Deleted Scene #1
This scene was supposed to go at the end, between the final dinner-table scene and Serenity leaving the planet. Then I
decided to make the dinner-table scene the ending, so I had to cut it. It never got developed beyond sketching out the dialogue.
Mal and Kait are the speakers.
"Captain Reynolds, can I talk to you for a minute?"
"Sure. What's on your mind?"
"Well...you know, it's about time I settled myself down, find a wife, start a family. Somebody to take the ranch when I'm
"Nice idea. What's it got to do with me?"
"I was wondering if maybe you'd give me one of your girls."
"Sorry. I went away for a minute there. WHAT did you just ask me?"
"Can I marry Kaylee?"
"You've got to be kidding me with this."
"What? She and Charlie get along all right, she loves the animals and she does great with the machines. I'd treat her good,
Mal, you've seen that I'm a decent man."
"Kait, Kaylee ain't mine to give away!"
"Ain't you her daddy?"
"I am NOT old enough to be Kaylee's father!"
"Oh...not her cousin or her brother or anything either?"
"But ain't you responsible for her? You all act like you are."
"She's part of my crew, Kait."
"Yeah. And she ain't mine to give away. You'd have to ask her, and if I were you, I'd be standing about ten feet off when
you ask it."
"Well...what about the other one?"
"What other one?"
"The skinny one, the girl Charlie's taken under her wing."
"River's not old enough to be getting married!"
"Maybe not in the Core, but out here, girls younger than that get married all the time."
"She ain't right in the head, Kait."
"Well, she'd have Charlie around to help her with the house...and she seems to be learning housework well enough...and it
don't take all of a mind to do the other stuff I need from a wife, now does it, Captain?"
"Okay, stop right there. I ain't in charge of River, either, Kait. Simon's the one you'd have to talk to."
"The doc? Don't he take his orders from you?"
"Not when it comes to his sister. Kait, stop! Don't actually ask him."
"Look, Kait, you don't want to marry River. Trust me."
"Something wrong with her?"
"If I get into that subject, we'll be here all day. Just listen now, I'm going to give some advice for free. You listening?"
"Find yourself a nice girl from around here. Plenty of girls in town, I've seen 'em. Nice girls, pretty girls, girls who
understand what you need from a woman and won't ask more than you can give as a man."
"So you don't think the doc would agree? I'd give him the price of ten head of cattle."
"If you're going to compare his sister to cows, you'd better make sure he doesn't have a scalpel in his hand when you do it."
Deleted Scene #2
I never did figure out exactly where this scene should go- somewhere in the middle, probably- and eventually cut it out
because of that and also because it added yet another speechy digression. Really regretted cutting it out, though.
"I just don't get it," Wash said, shaking his head. "I can't figure it out. I mean, if he hates it here so much- and it's
pretty clear that he does- why doesn't he just take off? It's not like Jayne's ever been overburdened with loyalty."
"It's different when it's your family," Simon said quietly amidst the murmurs of agreement, and all eyes went to him. He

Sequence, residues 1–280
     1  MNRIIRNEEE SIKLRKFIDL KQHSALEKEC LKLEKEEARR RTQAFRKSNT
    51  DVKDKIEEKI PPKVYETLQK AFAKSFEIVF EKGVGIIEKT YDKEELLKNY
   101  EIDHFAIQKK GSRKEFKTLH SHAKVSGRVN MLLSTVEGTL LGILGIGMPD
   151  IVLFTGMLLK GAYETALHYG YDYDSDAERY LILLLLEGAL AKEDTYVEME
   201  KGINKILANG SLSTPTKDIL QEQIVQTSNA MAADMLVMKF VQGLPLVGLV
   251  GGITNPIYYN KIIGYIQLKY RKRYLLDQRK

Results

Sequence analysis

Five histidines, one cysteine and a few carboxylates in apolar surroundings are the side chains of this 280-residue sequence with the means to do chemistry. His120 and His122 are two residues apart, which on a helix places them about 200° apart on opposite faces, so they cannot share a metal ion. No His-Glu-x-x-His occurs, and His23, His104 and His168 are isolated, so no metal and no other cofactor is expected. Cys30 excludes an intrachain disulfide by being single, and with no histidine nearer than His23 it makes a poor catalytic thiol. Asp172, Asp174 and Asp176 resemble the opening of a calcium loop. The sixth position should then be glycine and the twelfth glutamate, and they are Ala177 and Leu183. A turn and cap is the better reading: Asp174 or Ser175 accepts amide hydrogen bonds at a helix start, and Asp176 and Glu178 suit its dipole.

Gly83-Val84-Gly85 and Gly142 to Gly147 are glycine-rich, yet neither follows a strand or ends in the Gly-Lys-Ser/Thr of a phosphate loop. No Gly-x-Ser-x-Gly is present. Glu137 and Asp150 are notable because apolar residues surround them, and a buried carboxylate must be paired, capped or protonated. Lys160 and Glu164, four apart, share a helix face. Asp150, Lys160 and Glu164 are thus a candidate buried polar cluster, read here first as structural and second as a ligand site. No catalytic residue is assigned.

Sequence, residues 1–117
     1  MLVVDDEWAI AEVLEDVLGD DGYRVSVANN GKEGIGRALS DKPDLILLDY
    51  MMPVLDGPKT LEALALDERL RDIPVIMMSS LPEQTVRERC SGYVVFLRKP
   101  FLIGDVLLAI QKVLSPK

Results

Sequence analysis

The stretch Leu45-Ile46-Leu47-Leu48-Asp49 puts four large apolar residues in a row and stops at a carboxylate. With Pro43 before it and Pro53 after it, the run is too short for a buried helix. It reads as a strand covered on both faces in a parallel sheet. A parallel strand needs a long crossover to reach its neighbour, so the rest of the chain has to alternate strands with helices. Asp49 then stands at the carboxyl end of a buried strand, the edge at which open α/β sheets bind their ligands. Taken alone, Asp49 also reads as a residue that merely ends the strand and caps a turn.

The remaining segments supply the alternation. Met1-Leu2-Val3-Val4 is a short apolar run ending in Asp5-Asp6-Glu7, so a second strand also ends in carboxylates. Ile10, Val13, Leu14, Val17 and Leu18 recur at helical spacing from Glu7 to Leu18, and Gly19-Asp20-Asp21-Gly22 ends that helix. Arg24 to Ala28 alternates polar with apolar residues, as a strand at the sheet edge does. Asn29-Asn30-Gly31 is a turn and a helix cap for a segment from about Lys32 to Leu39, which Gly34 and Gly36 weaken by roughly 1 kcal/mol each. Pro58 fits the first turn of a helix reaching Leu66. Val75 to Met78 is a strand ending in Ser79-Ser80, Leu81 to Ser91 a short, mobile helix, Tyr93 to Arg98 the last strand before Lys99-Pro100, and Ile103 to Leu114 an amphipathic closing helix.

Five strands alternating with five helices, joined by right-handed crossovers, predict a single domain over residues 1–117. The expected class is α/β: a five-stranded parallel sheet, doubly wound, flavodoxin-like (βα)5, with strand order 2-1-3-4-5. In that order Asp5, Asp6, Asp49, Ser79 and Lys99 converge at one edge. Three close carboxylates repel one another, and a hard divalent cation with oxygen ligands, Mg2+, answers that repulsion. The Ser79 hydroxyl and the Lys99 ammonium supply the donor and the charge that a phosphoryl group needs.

blushed slightly, and shrugged. "It is. I mean, nobody made me leave Osiris and go looking for River. Everybody
told me not to, that I was a fool, that I was giving up everything. But...she needed me. My sister needed me. I
couldn't not be there for her." He shrugged again, staring down at his lap. Kaylee reached over and squeezed his hand.
"Well, yeah," Wash said after a moment, "but doing things for other people isn't exactly alien to you, Simon. You're not
all pissed-off and angry about it."
Simon laughed, a soft and humorless sound. "Oh, I get angry, Wash. Believe me." He leaned forward slightly, brow furrowing
as he searched for the words. "I mean...you love your family, and of course you'll be there for them. But at the same time
it isn't fair, that you have to give up your own life, give up everything, for them. And you hate them a little, for
making you do that, but not half as much as you hate yourself for feeling that way. It's great to be needed, but why can't
they just take care of themselves..." He took his hand away from Kaylee and pressed it to his temple, eyes fixed on the floor.
"And it's all these extremes of emotions, clashing in your head...love and hate and terror and sadness...you just get so
sad sometimes...and it hurts. It hurts like hell. But you take it, you take the hurt...so your family doesn't have
It was quiet for a long moment. Kaylee helplessly rested her rejected hand on Simon's shoulder, and Book bowed his head in
a quiet prayer. Just before they all reached the breaking point, Simon gave a watery chuckle and looked up again. "Don't
tell Jayne I said any of that, okay? Now's not really the best time for him to learn we have something in common, I think...he'd
probably want to drag me down to that bar in town and bond over drinks, and I'm just not sure my stomach's up to it."
When I wrote the first scene of this story...it wasn't this story. It was just going to be an angsty little killing-Jayne's-mom
vignette type deal. I got blocked, let the file sit on my hard drive, moved on to other fics and other things. Time passed.
I went home for Christmas break. For me, a large part of going home is returning to being barn-labor, for my family and some
family friends. While cleaning stalls at the friends' house one afternoon, a scene stated playing out in my head. (This
happens a lot when I clean stalls; it's why I don't mind the chore. My brain's free to wander and put stuff together and
just play, AND I get exercise. Good deal all around.) The scene was a long, extended dialogue between two kids (both armed
with guns) and Mal Reynolds. If you've read "Homestead" already, you've seen the eighth-generation version of it. The catch?